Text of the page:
I really try to remember to lift them up during a session of discipline as well. I say discipline session because it really is a session or life lesson for all of us. Love cannot be absent here. This is especially important knowing timing of how I lift each one up as well. By lifting up I mean ensuring my love, perhaps I mention things that I've noticed that have gone well or right lately, and best efforts. I also make sure to end that lifting up with prayer. The Lord Yeshua is the softener of hearts, and during discipline sessions, hearts may be hard. Each guy needs it at different times as well. My oldest needs to be lifted up at the end of our conversation otherwise he only remembers his faults and turns into Eyeore from Winnie the Pooh. My youngest needs to be lifted up before the actual "getting down to it all" begins otherwise he is instantly on the offense and feels attacked.

The acknowledgement of feelings and his "why" behind the situation being handled the way that it was by that person even if it was done really poorly is key. Acknowledging this validates him as a person. This is not placating or beating around the bush or pandering. I want to extinguish that young man’s need to be on the offense as much as possible and make it a safe place for him to discuss the situation with me. A huge goal of mine is to effectively allow each one to be heard, if his brother is involved. Often to achieve this I ask straight off the top for him to calmly tell me what happened in your words. Make sure another person is not in ear shot, especially that other person involved, or other siblings that may be nosey and feel the need to give his or her two cents. I want to hear every emotion and thought in order to make correction properly. I acknowledge where he was emotionally at the time, usually by saying something like, "Oh I see, so you probably felt really....(insert emotion)." The one I'm speaking to usually knows where he went wrong, but sometimes he truly does not. Do not assume your teen knows or realizes where he messed up. Give them credit where credit is due of course, and use wisdom if manipulation is taking place, while realizing that he really may not get it. Ask him if he knows where better choices could’ve been made. If he cannot tell you, then do not get mad or tell him he's lying, just explain it. If you explain it, then there's no room for excuses or the famous, "I didn't know song next time" that my oldest LOVES to sing (he's not really singing there, I'm being a bit facetious, but see...I know my kid.)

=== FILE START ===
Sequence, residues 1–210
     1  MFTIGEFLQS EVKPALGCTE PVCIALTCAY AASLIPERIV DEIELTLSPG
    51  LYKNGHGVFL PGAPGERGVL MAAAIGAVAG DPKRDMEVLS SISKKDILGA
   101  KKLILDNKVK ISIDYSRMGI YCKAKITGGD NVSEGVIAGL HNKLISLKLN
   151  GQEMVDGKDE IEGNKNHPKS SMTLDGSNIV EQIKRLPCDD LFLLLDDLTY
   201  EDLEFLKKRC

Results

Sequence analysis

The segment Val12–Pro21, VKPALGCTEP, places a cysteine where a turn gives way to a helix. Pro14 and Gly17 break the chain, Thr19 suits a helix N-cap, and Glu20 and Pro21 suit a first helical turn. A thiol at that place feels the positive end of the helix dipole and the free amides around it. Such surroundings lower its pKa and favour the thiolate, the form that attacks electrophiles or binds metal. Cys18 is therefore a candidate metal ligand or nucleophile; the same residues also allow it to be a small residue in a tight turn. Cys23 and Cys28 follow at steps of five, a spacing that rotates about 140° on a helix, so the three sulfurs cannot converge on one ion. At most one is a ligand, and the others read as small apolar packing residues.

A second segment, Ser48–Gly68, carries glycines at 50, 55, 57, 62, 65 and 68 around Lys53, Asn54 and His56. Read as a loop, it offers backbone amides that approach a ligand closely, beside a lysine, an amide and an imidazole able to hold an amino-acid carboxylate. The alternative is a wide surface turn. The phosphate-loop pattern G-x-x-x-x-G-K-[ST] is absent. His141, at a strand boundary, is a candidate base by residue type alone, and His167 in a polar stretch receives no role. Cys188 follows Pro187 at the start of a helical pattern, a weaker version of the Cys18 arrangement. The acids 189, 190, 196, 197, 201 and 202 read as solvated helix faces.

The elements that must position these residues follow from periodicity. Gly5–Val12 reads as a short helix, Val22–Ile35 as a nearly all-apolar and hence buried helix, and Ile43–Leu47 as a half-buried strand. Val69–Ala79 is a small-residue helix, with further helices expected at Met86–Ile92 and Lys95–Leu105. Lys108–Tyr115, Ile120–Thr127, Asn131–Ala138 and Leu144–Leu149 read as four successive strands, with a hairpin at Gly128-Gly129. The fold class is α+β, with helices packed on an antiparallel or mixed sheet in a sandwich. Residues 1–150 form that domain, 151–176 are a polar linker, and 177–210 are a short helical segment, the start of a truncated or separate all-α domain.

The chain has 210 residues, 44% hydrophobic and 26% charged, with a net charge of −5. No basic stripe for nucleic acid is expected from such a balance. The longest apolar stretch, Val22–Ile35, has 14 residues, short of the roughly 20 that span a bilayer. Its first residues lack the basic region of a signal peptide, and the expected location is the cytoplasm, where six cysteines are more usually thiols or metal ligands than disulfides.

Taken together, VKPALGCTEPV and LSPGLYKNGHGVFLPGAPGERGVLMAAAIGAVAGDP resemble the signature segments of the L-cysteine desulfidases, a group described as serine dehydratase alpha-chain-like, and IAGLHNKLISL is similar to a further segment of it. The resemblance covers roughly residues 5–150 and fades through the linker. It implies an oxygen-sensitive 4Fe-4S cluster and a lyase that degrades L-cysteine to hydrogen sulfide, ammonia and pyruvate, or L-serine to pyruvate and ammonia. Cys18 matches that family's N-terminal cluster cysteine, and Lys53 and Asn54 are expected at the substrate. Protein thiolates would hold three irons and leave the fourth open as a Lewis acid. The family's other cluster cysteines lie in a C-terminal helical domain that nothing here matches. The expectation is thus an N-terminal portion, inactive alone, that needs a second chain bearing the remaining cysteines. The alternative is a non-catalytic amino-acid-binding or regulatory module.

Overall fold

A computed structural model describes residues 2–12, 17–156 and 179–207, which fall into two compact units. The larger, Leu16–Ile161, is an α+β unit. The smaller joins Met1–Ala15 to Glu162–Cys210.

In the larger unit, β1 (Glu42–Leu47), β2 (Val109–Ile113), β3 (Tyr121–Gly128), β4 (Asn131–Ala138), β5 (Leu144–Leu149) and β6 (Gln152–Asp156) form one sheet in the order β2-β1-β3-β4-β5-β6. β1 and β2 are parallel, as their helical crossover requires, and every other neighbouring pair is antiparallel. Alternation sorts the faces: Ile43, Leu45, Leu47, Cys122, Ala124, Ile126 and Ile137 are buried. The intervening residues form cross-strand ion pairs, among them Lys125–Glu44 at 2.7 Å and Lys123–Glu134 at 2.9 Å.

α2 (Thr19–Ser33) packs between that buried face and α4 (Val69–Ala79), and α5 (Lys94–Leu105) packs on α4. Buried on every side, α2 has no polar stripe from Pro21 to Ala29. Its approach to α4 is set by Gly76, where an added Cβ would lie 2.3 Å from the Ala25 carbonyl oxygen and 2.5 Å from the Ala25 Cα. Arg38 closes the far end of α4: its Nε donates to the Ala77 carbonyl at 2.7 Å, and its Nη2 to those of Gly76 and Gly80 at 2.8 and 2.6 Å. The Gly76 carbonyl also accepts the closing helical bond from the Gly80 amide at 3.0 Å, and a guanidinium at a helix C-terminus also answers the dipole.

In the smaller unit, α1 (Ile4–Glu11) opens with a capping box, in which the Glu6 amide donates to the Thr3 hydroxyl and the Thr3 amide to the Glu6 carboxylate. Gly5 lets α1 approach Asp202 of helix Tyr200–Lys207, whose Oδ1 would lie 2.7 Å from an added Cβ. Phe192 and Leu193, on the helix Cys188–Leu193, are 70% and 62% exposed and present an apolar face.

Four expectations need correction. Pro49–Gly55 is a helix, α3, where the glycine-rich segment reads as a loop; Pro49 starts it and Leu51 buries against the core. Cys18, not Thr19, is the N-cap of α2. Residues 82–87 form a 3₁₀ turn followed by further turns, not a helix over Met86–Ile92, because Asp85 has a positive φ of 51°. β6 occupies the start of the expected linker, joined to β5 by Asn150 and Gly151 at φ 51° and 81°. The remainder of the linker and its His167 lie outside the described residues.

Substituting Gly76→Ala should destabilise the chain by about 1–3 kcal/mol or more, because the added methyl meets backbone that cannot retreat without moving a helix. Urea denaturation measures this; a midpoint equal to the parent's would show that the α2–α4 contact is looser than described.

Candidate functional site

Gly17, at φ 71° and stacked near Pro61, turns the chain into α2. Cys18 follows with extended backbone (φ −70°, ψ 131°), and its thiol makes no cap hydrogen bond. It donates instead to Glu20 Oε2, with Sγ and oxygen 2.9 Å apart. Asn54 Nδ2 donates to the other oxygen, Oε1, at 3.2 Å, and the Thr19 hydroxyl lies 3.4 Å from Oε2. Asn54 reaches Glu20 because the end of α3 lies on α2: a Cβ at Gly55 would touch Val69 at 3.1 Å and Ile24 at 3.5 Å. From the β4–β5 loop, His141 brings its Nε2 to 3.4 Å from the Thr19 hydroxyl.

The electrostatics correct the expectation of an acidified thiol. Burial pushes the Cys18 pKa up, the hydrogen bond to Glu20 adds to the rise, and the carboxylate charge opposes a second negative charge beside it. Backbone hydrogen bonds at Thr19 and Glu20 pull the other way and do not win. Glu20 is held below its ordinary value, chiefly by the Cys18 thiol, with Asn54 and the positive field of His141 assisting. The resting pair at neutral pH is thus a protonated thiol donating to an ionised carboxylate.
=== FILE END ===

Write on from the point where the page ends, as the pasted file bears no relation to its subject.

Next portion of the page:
At the end of the day we are raising adults, men and women, not boys and girls. Making sure to make that fact known to them, how loved they are first by the Lord, and then by us each and every single day. Let them know where their worth comes from (God) and that no matter what they do, their faults and sins cannot diminish their worth because it didn’t come from them in the first place. They were chosen to come into creation as Holy masterpieces of the Most High God. Reinforce this daily. This world in which they live is so transient and constantly messing with their identity.

Love and grace!

Helping you to be a good steward of your health!

Marie A. Brock, HHC

No comments:

Post a Comment